How to Create Maintainable Campaigns in Oracle Eloqua

February 11, 2021 Andy Shaw

If you’ve worked with Oracle Eloqua for any length of time, you have probably run into the following situation. You need to make some changes to an existing campaign. You open it up, and you think to yourself, “What in the world is going on here?” It’s a common problem. It can be tough to figure out what an Eloqua campaign is trying to accomplish if you were not the original author, or if it’s been a long time since you worked on the campaign. This blog post will provide you with some tips on how to make sure that the campaigns you create are easy to understand and maintain for you and the whole team.


Building Easily Maintained Eloqua Campaigns

Creating campaigns that are maintainable and understandable comes down to two practices. First, always build campaigns so that campaign flow and components are clear and self-explanatory. Second, while developing the campaign, create a little bit of handover documentation to make your process obvious. As you might not be the developer of this campaign next time, writing notes at the time the campaign is created, can save a lot of time and effort for later.

Let’s take a look at our best practice guidelines. Eloqua Campaign Creation Guidelines.
There are several things that you can do in the campaign itself to make your it easier to understand and maintain saving resources over time. Let’s take a sneak peak into the guidelines we always try to use at Tegrita.

  • Use a clean, logical layout: Think about the overall flow of the campaign when placing components on the canvas. I try to create an overall top-to-bottom flow, with left-to-right space used for branching. Place your incoming segment or feeders at the top left of the campaign and add your primary steps vertically below the segment. If there are branches in the campaign, add them to the right of the main flow. Minimize the number of crossing lines on the canvas. Following these practices allows the user to scan the campaign visually and track flow much more easily.
  • Use space wisely: Don’t cram too many steps into too small of a space. Space your steps consistently, and always allow at least one empty square on the canvas between steps. Space steps so that step names can be read easily, without overlap.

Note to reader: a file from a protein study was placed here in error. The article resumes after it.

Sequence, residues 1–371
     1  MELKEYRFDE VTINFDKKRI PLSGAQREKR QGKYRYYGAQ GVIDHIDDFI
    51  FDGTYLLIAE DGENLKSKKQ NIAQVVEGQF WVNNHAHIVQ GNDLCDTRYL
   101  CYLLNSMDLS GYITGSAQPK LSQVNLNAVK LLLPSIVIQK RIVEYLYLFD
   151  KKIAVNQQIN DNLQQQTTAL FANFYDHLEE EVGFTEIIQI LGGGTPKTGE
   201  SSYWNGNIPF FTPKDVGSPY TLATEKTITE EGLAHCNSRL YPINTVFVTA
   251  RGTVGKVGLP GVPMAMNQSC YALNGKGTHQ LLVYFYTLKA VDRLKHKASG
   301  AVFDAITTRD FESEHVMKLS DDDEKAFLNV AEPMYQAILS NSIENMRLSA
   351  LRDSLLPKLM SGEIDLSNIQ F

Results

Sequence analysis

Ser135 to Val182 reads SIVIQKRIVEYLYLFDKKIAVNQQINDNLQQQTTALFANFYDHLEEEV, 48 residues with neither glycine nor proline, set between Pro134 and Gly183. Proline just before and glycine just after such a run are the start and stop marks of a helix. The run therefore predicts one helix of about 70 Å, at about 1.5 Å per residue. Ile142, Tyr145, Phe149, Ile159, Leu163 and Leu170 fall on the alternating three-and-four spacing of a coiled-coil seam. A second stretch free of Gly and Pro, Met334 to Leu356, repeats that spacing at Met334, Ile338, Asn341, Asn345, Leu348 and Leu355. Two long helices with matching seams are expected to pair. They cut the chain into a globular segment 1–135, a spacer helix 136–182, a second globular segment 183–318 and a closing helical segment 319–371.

• Give steps meaningful names: Don’t just accept the default names that Eloqua provides. Use names that describe what the step does. Decision steps should be named in the form of a question, with “Yes” answers going down the Yes path, and “No” answers going down the No path.
  • Number your steps: Numbering every step makes troubleshooting and communication much easier.

Below we have an example of a campaign flow that follows these guidelines:


Documenting the Campaign

For most of us, writing handover notes for projects is the last thing we want to do. However, taking a little time up front to document the campaign can save a lot of time later. Here are some tips for creating documentation that will help others work with the campaign that you built.

Firstly, documentation doesn’t have to be long to be effective. Keep it concise and intuitive. It only needs to be enough to explain what is going on.

Use the Campaign > Description feature found under Campaign Settings at upper right on any campaign canvas to store a short description of the campaign purpose or goals:

You can also add notes to any step on the canvas. Right-click or control-click on any canvas step to access the Add Note command:

Once a note has been added, you’ll see a small blue text balloon icon next to the step and the Add Note command changes to View Note:

For more complex campaigns, even a single page document can make a world of difference to someone who is trying to work with a campaign months after it was built. Here are some key points to cover:

  • Goal: What is the campaign trying to accomplish? Try to capture this in a one or two sentences. For an email campaign, an example might be something like “Send engagement emails to current customers who have not opened an email in six months.”
  • Audience: Who is the target of the campaign? Try to express this as succinctly as possible.
  • Campaign logic or flow: Talk about how contacts flow through the campaign canvas. If there are important decision steps or other logic in the campaign, describe them.
  • Assets used: Describe the assets – emails, forms, landing pages, filters, CDOs etc. – used by the campaign. Pay special attention to those assets whose purpose may not be obvious.
  • Programs: If your campaign uses a Program Canvas, take time to describe the actions taken. What data is used? Is any data modified by the program?

If your team regularly builds and schedules Eloqua campaigns, applying careful attention in the beginning can be a huge time saver. Avoid the unnecessary frustrations of recreating or deciphering old versions with our guidelines. We guarantee that if you take these two simple steps consistently – building clean, logical campaigns, and documenting them – you will undoubtedly see the rewards in time saved for you and your team.


About the Author

Andy Shaw

Andy is a Lead Technology Consultant at Tegrita with over twenty years of experience in marketing automation and software product management. He is an Eloqua Implementation Specialist, and focuses on using technology to find practical solutions to customer needs. Andy has a bachelor's degree from Princeton University and an MBA from UCLA's Anderson School.

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